Nationals Park in D.C. will be home to many bombs, dingers, blasts and moonshots on Monday night, as MLB’s best sluggers compete in the 2018 Home Run Derby.
The derby is scheduled to start at 8 p.m. ET and will be broadcast on ESPN. But if you don’t have cable or can’t get to a TV, you can still easily watch the action live (or DVR it) on your computer, phone or streaming device by signing up for one of the following cable-free, live-TV streaming services:
In addition to a Netflix-like on-demand streaming library, Hulu now also offers a bundle of live TV channels, including ESPN. You can sign up for “Hulu with Live TV” right here, and you can then watch a live stream of the home run derby on your computer via the Hulu website, or on your phone, tablet or streaming device via the Hulu app.
Additionally, if you aren’t able to watch live, “Hulu with Live TV” also comes with 50 hours of Cloud DVR storage (with the ability to upgrade to “Enhanced Cloud DVR,” which gives you 200 hours of DVR space and the ability to fast forward through commercials), allowing you to record the event if you want.
ESPN is included in the “Sling Orange” channel package. You can sign up for a free 7-day trial right here, and you can then watch a live stream of the derby on your computer via the Sling TV website, or on your phone, tablet or streaming device via the Sling TV app.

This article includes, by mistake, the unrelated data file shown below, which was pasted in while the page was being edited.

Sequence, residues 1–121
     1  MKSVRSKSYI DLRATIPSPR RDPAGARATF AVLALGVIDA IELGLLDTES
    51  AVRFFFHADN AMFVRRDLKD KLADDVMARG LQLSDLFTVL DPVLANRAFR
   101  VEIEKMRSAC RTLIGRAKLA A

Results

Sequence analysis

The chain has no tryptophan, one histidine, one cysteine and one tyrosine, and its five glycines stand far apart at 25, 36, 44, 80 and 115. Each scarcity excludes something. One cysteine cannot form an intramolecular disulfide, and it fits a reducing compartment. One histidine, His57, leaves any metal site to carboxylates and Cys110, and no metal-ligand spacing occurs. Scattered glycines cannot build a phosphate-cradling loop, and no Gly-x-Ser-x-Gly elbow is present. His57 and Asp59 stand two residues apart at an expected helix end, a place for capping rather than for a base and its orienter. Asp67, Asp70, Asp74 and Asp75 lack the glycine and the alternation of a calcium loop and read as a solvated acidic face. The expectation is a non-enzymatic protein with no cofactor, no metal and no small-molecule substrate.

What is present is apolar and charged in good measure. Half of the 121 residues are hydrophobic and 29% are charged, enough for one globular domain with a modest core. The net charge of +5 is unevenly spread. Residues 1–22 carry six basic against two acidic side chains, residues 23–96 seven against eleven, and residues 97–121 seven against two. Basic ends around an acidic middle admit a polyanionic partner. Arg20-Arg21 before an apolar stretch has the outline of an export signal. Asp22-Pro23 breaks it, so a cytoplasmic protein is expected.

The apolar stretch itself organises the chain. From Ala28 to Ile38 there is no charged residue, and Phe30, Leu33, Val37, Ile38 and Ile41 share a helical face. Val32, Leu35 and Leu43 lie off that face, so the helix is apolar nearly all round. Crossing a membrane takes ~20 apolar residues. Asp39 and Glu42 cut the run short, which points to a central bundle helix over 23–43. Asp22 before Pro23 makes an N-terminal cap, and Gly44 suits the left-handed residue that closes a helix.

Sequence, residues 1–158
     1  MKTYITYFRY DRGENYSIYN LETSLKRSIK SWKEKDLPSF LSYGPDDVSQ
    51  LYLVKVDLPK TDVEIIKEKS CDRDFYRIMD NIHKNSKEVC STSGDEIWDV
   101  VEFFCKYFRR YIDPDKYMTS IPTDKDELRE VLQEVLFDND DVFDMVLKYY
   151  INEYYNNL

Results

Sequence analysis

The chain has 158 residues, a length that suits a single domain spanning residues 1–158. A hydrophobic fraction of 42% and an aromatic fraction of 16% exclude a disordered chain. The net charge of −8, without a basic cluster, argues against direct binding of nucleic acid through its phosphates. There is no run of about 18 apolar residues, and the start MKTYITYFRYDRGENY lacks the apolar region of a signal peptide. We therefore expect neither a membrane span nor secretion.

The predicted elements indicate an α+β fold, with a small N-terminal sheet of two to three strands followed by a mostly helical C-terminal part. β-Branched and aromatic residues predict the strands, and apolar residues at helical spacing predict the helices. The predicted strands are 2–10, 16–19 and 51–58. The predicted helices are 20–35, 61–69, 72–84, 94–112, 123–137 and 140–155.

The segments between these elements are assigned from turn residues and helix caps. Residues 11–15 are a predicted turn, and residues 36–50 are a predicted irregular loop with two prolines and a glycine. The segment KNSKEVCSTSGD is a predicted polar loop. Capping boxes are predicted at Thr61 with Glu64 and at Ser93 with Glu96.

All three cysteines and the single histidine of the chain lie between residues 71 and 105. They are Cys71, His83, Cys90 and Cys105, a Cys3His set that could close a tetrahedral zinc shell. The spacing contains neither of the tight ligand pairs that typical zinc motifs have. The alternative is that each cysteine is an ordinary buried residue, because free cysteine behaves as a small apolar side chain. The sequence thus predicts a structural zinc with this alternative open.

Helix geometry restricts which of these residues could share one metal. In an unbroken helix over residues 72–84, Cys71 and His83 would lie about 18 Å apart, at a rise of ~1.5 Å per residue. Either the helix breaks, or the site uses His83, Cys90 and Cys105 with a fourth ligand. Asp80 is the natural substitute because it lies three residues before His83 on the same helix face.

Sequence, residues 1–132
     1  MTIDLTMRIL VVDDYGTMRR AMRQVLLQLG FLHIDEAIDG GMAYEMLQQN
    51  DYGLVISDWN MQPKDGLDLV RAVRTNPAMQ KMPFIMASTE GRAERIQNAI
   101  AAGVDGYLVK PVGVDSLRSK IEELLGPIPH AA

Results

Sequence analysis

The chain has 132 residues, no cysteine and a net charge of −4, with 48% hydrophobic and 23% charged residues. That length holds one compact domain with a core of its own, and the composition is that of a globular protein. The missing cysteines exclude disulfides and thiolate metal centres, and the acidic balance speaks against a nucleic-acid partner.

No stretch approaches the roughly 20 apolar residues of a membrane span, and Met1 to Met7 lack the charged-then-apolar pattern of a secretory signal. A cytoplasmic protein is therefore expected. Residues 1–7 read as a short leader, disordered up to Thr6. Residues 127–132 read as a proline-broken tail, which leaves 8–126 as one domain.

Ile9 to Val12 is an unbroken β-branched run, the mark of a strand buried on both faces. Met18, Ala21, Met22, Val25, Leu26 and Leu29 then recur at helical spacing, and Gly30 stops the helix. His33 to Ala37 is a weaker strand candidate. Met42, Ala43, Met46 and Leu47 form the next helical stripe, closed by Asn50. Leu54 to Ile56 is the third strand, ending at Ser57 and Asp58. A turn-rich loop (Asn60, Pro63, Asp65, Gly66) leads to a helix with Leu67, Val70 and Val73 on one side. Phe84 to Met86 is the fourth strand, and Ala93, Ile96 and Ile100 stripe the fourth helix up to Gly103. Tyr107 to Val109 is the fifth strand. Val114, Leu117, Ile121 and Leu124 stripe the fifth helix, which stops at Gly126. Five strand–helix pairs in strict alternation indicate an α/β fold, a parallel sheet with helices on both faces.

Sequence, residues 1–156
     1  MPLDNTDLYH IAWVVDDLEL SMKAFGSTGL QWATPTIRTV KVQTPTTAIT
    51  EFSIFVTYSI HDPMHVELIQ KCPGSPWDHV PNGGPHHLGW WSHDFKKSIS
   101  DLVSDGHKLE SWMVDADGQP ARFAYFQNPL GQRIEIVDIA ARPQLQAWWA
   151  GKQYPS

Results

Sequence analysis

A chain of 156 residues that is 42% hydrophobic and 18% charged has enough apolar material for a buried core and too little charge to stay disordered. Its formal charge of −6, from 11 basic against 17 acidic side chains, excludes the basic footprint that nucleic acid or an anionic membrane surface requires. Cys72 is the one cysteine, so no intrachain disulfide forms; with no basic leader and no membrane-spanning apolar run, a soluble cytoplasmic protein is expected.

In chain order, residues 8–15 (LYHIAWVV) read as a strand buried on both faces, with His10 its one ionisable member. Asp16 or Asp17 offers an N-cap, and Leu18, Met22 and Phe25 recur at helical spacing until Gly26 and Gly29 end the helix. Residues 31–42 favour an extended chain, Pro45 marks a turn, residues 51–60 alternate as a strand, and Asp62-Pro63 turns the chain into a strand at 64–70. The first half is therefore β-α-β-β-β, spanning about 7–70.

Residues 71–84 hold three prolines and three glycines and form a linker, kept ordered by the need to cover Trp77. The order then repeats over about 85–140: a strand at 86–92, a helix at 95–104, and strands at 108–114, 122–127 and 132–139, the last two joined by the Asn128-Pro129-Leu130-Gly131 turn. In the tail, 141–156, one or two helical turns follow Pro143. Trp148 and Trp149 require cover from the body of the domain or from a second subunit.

Additionally, if you can’t watch live, you can get 50 hours of cloud DVR storage as an additional add-on when signing up for your free trial.
The derby can also be watched on your computer via ESPN.com, or on your phone, tablet or streaming device via the ESPN app. You’ll need to log-in to a cable provider to watch this way, but if you don’t have that, you can still sign up for one of the above options and then use your Hulu or Sling TV credentials to sign in and watch on the ESPN digital platforms.
Once again, MLB is going with a bracket format for this year’s competition. Here’s a look at all the participants and their paths to home-run glory:
No real surprise here, but Bryce Harper is the oddsmakers’ favorite. Not only has he blasted 23 home runs this season, including one of the longest of the year with a 473-foot shot against the Phillies in May, but he’ll be looking to put on a show in front of the home-town crowd.
Harper’s only previous appearance in this competition was in 2013, when he advanced to the finals before running into the buzzsaw that was Yoenis Cespedes.
Everyone else in this year’s derby will be competing for the first time, so it’s tough to know what to expect.
Jesus Aguilar, the only player in the competition with more home runs than Harper (24), is also first in the majors in isolated power and should be considered a major threat, while guys like Kyle Schwarber and Rhys Hoskins have the kind of raw power that could help them excel in a derby.
One man who won’t be participating is Yankees right fielder Aaron Judge, who opted not to return to defend his title.
“The main reason why I did it was for the fans,” he said. “That’s really the only reason why you do it … for the fans. Put on a good show. This year, we’ve got something special going on here. I’m kind of sad I’m not doing it, but we’ve got something pretty special here. I just want to stay healthy going into the second half.”